A recent study conducted by PricewaterhouseCoopers (PwC) U.K. found that 83 percent of female students in the U.K. find it impossible to name a female role model that inspires them to pursue a career in technology.
While disappointing, it’s not terribly surprising.
I’m incredibly honored to be the first female managing partner in the 120-year history of PwC’s Philadelphia office. Since becoming partner, I have committed to advance inclusion in our office while making it a priority to better the overall landscape for women in tech. The future of my 12-year-old daughter’s career experience will be much different than my own.
According to the National Science Foundation, women make up nearly half of the general U.S. workforce yet only 29 percent hold a job in STEM. At PwC, a company that has made digital upskilling an essential priority of the employee experience, there is a focus on making the workplaces of tomorrow more inclusive.
When my career at PwC began 30 years ago, there wasn’t a single female partner in our Philadelphia office. Across industries, women in leadership positions — especially on corporate boards– were often the exception and not the norm. There were many instances when I found myself to be the only woman in the room. Much has changed since at PwC, and I am especially proud to be working at a firm where 30 percent of our U.S. leadership team is now made up of women.
Women need to be in leadership positions in order to mentor and influence young women at all career levels, board positions and in all industries, including those with fewer women, such as tech. Moreover, companies with structured mentorship programs are seeing strong interest and participation from the workforce.
Currently, female representation on U.S. corporate boards currently stands at only 22 percent. The percentage has not shifted at the national level in recent years and change has been slow locally as well, in Philadelphia. According to a study issued last year by The Forum of Executive Women in collaboration with PwC, the number of women that hold seats on Philadelphia public company boards has only increased 1 percent from 2016 to 2017.
So where do we start?
We know that in order to impact women of all career levels and curiosities, more women need to be seen in leadership positions. We need to address that initial stat above. Another PwC study found that 82 percent of women are confident in their ability to fulfill their career aspirations and 77 percent feel confident in their ability to lead. Mentorship is a significant method toward removing some of the hurdles women face in their career progression. While we practice mentorship through a number of programs internally at PwC, we’re finding ways to enable mentorship externally as well.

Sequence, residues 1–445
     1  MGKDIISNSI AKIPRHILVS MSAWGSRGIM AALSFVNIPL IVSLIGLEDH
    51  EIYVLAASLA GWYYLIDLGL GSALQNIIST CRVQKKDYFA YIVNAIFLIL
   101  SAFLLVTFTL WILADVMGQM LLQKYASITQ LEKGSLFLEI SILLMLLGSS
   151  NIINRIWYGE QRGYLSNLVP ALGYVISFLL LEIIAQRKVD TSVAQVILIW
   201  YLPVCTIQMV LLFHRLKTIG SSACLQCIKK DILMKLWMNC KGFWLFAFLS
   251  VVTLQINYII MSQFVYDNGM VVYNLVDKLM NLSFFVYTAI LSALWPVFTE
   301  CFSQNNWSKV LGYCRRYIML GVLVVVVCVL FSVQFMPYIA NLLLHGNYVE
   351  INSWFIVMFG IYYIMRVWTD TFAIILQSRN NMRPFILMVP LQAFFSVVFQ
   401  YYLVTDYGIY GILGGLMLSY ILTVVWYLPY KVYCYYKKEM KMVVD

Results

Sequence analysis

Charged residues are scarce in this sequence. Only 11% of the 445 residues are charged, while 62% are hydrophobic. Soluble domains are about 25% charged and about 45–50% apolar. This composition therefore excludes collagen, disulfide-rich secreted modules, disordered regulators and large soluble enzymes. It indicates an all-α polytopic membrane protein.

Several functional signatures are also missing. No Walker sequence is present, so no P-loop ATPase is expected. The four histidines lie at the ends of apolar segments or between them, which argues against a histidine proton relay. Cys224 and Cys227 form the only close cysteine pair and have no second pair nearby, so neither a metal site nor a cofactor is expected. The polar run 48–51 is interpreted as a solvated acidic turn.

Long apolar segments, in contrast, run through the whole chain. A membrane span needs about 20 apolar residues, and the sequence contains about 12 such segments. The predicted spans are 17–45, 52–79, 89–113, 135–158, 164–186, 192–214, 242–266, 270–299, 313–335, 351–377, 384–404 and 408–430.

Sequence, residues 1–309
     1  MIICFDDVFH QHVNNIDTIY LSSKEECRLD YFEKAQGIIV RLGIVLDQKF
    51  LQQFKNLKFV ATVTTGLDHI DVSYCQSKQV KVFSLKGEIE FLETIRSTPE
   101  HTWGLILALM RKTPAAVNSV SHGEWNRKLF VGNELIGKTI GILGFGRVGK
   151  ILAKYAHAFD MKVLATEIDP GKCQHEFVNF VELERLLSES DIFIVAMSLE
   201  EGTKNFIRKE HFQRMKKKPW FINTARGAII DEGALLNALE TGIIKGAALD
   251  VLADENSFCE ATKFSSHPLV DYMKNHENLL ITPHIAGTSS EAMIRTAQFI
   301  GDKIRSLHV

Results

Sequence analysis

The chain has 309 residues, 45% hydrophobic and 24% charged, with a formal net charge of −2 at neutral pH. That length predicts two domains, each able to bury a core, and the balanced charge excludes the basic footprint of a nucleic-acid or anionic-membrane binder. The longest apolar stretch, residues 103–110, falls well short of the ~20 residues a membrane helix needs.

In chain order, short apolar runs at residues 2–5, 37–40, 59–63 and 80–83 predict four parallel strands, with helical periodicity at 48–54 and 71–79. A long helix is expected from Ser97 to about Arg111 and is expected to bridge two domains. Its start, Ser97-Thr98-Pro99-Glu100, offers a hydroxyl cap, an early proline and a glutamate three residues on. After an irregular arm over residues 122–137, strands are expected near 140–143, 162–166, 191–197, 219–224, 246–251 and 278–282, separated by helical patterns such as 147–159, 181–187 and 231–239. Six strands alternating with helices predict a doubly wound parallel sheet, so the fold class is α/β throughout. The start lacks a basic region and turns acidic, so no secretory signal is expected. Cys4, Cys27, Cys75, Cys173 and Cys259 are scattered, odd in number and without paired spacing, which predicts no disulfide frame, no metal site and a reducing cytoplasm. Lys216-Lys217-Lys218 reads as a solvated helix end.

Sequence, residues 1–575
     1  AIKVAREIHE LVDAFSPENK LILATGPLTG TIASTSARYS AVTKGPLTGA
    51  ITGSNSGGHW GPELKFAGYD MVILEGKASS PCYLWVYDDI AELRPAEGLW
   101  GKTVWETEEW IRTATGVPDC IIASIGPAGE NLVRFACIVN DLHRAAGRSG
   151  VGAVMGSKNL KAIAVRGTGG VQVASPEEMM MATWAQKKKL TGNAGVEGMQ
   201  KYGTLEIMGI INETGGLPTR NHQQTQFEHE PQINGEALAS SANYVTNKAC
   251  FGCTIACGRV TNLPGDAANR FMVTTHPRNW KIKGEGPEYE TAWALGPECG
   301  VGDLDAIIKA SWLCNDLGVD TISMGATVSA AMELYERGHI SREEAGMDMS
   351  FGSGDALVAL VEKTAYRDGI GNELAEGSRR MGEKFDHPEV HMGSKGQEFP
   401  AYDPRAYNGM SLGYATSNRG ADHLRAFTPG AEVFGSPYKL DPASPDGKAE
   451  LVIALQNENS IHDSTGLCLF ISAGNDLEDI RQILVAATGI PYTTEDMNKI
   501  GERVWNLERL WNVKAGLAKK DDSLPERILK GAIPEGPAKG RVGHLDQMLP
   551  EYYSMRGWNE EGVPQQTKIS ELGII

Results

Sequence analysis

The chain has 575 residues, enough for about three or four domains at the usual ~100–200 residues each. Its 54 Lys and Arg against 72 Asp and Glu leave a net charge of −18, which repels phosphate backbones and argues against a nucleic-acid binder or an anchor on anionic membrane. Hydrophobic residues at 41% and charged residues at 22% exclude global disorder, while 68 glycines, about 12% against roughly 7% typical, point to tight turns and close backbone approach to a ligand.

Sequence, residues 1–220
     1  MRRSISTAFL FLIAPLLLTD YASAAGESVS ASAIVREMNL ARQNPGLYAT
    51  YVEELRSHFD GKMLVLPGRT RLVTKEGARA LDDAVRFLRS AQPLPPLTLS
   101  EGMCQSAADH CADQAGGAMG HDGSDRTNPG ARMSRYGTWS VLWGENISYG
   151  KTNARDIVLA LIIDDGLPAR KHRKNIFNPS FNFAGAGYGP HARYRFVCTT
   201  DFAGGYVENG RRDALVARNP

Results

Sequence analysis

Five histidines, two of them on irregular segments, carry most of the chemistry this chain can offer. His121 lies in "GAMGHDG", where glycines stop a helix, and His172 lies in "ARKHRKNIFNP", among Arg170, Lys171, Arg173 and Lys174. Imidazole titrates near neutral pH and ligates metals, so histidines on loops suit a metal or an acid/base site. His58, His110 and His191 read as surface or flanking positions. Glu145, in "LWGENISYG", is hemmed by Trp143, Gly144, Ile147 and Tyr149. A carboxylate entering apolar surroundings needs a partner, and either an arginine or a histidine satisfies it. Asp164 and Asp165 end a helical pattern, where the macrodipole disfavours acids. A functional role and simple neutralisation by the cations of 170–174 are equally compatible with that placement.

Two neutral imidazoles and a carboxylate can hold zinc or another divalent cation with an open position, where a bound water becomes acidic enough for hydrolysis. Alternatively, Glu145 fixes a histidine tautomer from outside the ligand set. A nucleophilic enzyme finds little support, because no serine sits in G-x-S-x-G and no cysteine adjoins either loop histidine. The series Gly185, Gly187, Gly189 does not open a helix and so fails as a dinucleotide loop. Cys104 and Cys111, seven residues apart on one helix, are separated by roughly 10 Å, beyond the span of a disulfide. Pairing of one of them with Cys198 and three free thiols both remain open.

The PwC Charitable Foundation provided a grant to support the Girls Who Code Summer Immersion Program in both Philadelphia and Washington D.C. this summer. PwC will host the seven-week introductory computer science program, which allows participants not only to learn more about computer science and career opportunities in the tech industry, but also welcomes them into a network of change-makers that are using technology to solve important problems. This is one way PwC is helping to make an impact.
This aligns with PwC’s broader commitment to digitally upskill diverse students for the future workforce, and the $320 million commitment to inspire 10 million students and train 100,000 teachers and guidance counselors by 2021 through its Access Your Potential initiative.
Equality is one of the most important issues businesses face today and we are addressing it head-on at PwC. When we deliver initiatives dedicated to improving inclusion in the workplace, we can power innovation and increase employee retention. Take it from me; 30 years at PwC and I’m still learning. At the end of the day, I’ve found that when we leaders encourage our teams to bring diversity of thought and experience to the table, we perform better work.
I will leave you with this: A strong commitment to inclusion drives our collective activities, impact, and our broader contribution to the marketplace. So here’s to an empowered future powered by the future generations of young women leaders.-30-